With the Broncos switch of offensive schemes, Williams is an ideal fit, for now and the future. One of the most common comparisons made with Williams is Jason Witten, coming out of college.
Witten has become one of the most complete tight ends in the NFL. Is Williams a guarantee to follow those steps? No, but with the right coaching and hard work, he very well could end up on that level, if not higher. All it takes is John Elway being willing to pull the trigger at pick 28 in the first round, if Williams is there.
Status: unrestricted free agent formerly of the Baltimore Ravens.
Daniels was a fourth round pick by the Gary Kubiak-coached Houston Texans back in 2006. Since then, Daniels has played every year on a Kubiak-coached team -- eight with the Texans and this past season with the Baltimore Ravens, with Kubiak as offensive coordinator. Daniels knows Kubiak’s system inside and out and has excelled in it for years.
He is not the most talented tight end, but he is a solid contributor who can execute in all phases of the game. The only thing going against Daniels is his age. He is currently 32 years old and will turn 33 toward the end of the season. He can help for a couple of years, but he isn’t a long-term solution like some other players on this list can be.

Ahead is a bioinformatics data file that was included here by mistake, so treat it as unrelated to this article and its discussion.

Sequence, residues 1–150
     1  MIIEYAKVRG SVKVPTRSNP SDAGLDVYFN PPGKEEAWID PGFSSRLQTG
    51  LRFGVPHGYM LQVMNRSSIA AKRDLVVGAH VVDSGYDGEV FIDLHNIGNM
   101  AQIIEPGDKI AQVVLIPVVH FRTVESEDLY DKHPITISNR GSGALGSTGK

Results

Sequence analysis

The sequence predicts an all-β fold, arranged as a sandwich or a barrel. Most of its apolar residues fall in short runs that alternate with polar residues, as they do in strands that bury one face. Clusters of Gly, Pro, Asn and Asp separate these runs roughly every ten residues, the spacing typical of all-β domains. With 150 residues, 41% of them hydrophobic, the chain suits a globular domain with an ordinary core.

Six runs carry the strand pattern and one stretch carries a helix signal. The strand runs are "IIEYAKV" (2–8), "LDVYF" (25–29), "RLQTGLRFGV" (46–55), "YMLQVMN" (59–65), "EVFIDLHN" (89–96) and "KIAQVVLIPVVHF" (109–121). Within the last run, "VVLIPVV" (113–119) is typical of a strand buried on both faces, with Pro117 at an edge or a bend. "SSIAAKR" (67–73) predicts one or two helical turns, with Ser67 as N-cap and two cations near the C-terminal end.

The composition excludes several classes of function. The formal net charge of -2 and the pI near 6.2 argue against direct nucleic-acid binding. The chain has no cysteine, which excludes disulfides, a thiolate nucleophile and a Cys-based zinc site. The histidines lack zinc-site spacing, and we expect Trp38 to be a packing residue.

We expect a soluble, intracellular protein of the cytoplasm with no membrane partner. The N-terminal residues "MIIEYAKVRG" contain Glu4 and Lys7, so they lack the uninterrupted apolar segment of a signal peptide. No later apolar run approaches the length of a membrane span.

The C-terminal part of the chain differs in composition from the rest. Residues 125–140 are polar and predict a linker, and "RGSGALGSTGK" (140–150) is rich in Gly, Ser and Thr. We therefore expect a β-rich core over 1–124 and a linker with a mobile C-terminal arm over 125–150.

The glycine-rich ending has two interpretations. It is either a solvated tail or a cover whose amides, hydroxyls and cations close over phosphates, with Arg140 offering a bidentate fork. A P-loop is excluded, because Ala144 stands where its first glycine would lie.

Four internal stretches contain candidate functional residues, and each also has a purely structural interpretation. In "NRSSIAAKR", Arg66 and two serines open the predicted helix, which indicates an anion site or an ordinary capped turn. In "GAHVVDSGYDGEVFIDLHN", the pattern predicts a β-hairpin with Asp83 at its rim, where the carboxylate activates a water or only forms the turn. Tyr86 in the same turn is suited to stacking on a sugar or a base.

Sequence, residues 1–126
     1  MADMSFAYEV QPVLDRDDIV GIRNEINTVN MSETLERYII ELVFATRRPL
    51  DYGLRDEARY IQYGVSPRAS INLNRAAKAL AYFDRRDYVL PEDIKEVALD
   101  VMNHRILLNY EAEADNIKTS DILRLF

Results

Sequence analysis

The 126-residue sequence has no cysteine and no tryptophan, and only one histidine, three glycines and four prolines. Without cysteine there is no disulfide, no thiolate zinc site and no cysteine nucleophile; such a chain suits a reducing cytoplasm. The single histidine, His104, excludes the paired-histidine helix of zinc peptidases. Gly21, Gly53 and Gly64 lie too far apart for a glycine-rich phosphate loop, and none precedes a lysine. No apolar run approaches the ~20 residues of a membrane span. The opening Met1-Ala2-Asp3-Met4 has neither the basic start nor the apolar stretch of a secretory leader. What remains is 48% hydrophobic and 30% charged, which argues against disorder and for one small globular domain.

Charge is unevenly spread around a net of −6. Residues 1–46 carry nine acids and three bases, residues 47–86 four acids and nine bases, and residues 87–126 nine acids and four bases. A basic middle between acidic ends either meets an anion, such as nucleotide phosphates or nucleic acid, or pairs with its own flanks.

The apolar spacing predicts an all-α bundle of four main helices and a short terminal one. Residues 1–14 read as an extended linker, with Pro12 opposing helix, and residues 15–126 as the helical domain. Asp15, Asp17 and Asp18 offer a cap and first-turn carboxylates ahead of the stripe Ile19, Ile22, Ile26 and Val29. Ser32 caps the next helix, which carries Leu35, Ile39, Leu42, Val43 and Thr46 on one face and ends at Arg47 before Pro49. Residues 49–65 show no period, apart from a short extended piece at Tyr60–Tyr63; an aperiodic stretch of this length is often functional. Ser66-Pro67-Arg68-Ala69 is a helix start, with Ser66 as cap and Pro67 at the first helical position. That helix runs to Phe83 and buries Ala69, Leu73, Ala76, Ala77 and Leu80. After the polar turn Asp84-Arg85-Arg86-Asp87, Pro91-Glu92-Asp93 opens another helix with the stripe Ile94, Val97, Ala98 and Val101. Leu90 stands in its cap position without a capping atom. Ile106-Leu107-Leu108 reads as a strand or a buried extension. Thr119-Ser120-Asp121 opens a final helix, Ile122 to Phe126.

Daniels can be brought in to help the transition of other players into the new scheme, especially the tight ends. Of all on this list, Daniels probably has the second highest chance of being a Bronco next season. With his connection to Kubiak and some of the other coaches, it just makes a ton of sense for both sides.
Status: 2015 NFL draft prospect out of Rutgers.
Kroft is an athletic prospect from Rutgers. He has work to do in every aspect of his game, but looks like a jack-of-all trades type tight end, and there is nothing wrong with that. The biggest concern with Kroft is his poor catch radius, but that is something that can be worked on by his pro coaches. His game will need a lot of coaching and refinement for him to excel in the NFL, but he can still be a solid contributor from day one.
He has the athleticism to challenge defenses in the passing game. All he has to do is become more consistent, especially when playing down the seam. One thing he does really well though, is get chunks of yards after the catch with his surprising quickness and agility. He is also one of the better blocking tight ends in the draft, but has plenty of room to grow.